If your boss/employer requests or requires you to return to the workplace whilst your request is pending, you can ask for reconsideration and/or suggest that it amounts to an unfair pre-judgment. Ultimately, however, assuming contractually your normal place of work is specified as the employer’s workplace, it will be difficult to refuse.
Within these three months, your employer must notify their decision. If turned down, you have a right of appeal which will require the holding of a further formal meeting to discuss. Your written appeal should carefully address the grounds of refusal as notified to you. A further three months are allowed for this appeal process to be dealt with.
Flexible Working Regulations 2014
Proceeding via the Flexible Working Regulations might seem a long process if you have attempted to discuss with your employer the benefits of continuing to work from home but have been rebuffed in a way that causes you to believe there is no good reason for refusal.
It is the only route to a satisfactory outcome if your employer is being stubborn. Having followed through the Flexible Working process unsuccessfully, you do then have a right to bring a claim to the Employment Tribunal if you can show your employer has failed to follow or engage with the procedure correctly or has tried to justify a refusal on one of the available grounds via facts which you can demonstrate are incorrect.
Making a Tribunal claim
Whilst making a Tribunal claim can lead your employer to properly reconsider your flexible working request and pay you up to 8 weeks wages in compensation, it cannot as such change the decision entirely in your favour.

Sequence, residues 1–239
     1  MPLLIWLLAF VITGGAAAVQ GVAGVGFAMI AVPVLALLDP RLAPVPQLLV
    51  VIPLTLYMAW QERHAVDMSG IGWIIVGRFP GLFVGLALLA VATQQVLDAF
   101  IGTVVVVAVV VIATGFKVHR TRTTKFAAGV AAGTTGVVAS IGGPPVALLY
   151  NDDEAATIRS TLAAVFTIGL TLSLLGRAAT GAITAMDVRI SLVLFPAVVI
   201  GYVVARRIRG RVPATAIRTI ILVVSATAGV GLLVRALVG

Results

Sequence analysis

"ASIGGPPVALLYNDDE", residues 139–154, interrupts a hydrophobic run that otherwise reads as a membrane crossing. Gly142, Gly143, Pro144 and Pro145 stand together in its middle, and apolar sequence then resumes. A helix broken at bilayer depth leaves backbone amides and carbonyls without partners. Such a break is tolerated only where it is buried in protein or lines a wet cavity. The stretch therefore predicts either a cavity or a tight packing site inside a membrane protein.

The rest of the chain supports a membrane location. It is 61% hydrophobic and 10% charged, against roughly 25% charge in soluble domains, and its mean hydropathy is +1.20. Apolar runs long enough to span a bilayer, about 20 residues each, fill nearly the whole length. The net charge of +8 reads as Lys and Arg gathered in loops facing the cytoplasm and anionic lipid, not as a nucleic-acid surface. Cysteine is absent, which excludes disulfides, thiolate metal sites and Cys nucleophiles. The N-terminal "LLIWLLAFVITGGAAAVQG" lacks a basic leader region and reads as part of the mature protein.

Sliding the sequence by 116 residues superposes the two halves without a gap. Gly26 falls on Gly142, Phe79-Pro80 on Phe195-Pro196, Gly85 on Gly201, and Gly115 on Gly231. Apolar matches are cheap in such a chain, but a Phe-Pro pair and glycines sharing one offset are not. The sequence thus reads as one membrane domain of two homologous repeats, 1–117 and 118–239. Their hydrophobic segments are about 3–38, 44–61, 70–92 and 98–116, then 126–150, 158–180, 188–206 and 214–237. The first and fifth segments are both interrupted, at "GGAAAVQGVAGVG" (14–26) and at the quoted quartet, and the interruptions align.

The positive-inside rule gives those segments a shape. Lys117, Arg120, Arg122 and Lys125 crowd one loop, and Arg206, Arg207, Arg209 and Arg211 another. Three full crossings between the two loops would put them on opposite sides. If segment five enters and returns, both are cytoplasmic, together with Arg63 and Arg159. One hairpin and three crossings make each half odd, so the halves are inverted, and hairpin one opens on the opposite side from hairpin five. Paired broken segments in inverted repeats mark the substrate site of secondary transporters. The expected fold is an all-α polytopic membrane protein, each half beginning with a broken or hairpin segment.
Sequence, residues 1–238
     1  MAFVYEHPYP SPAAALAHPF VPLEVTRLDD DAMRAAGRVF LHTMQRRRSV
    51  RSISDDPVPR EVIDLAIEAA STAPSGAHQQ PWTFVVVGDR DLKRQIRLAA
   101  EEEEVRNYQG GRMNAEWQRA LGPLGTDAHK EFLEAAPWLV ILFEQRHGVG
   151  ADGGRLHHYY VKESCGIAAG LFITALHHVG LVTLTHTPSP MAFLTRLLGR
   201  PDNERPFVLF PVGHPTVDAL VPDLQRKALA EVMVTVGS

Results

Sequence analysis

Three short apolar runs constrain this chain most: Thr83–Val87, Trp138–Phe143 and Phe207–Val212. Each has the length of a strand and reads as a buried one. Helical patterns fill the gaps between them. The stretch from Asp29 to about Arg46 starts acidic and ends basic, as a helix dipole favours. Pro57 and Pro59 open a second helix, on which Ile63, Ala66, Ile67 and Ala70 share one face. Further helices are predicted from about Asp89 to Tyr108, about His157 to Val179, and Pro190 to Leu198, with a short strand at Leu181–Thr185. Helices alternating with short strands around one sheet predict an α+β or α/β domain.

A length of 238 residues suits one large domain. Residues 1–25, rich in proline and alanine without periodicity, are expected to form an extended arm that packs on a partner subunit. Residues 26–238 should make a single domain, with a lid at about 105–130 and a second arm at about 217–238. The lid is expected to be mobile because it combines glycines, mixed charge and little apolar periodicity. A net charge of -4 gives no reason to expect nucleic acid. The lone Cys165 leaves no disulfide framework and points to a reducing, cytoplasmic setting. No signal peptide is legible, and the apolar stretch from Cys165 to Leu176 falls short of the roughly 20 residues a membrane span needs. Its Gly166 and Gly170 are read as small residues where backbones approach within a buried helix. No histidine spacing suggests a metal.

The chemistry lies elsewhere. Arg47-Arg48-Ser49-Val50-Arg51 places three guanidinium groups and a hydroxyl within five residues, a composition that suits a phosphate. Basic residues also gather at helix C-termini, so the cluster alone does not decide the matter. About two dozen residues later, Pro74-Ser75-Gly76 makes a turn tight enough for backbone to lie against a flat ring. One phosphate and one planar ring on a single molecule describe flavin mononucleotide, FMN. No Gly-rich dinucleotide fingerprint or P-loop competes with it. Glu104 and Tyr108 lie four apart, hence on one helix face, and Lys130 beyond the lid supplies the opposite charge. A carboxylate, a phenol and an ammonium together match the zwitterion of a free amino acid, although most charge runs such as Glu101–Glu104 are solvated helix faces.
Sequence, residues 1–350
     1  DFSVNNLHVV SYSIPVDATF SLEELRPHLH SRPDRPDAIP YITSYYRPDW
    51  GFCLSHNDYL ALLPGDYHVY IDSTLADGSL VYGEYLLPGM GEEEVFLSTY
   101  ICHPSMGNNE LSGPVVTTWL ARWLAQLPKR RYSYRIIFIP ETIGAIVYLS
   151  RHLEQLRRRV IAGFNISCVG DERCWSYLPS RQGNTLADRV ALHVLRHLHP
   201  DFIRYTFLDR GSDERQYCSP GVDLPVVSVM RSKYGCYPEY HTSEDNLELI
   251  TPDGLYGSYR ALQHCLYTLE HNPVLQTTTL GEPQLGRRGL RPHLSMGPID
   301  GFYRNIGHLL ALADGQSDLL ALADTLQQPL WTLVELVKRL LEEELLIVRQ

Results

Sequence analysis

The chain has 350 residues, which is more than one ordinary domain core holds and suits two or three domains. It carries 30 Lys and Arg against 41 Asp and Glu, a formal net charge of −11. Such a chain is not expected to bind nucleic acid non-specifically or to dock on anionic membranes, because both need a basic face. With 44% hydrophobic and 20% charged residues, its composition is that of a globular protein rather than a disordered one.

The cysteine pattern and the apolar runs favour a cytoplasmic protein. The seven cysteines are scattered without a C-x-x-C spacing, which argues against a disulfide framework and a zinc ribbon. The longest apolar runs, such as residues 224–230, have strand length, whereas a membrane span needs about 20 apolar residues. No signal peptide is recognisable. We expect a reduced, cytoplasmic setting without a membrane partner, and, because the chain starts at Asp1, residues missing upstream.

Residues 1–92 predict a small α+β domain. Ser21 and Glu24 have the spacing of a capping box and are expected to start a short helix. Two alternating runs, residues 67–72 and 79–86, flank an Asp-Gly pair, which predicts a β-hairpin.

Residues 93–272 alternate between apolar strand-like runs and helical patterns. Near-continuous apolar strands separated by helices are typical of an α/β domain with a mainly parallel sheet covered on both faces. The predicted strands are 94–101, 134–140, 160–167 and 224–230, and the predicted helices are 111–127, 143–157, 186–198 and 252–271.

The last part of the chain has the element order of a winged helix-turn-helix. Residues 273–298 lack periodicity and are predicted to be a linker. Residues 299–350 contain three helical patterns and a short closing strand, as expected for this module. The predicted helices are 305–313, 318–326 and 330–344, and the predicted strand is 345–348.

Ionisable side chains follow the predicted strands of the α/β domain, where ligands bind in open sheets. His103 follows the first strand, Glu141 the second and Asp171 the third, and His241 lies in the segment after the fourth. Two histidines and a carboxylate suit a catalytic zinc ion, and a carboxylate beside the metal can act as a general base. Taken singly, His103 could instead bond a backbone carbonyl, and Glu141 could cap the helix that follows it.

It may be possible to challenge a refusal on other grounds.
If there are factors that you can argue relate to a protected characteristic, such as:
- your sex,
- your ethnic origin or
- any disability,
then unwillingness to grant a Flexible Working request could form the basis for a claim against your employer for unlawful discrimination.
An example employee is the mother of dependent children making a request which in addition to home working seeks some additional flexibility in her working hours to consider end of school day routines.
If required by your employer to return to full workplace attendance, any unfavourable treatment which may follow, such as not getting the same benefits as are given to colleagues, being unfairly “singled out” for work performance, could amount to an “unlawful detriment” giving the right to bring a compensation claim.
If dismissed for reasons which you can show are based upon the fact you had made the homeworking request, then that dismissal will be automatically unfair. This will enable you to bring a claim to the Employment Tribunal, including lost earnings arising from the dismissal.
What can you do next?
If you are currently working from home, want to continue or believe the arrangement is operating well but expect your employer will try to insist you return to the workplace, it is very important to go about matters carefully.
Contact Hatch Brenner Employment Solicitor, Michael Judkins email@example.com or 01603 660811 for an initial consultation to discuss how best to proceed from a tactical point of view and to present to your employer the best possible case.
Read more: Employment Law for Employees
Read more: Right to flexible working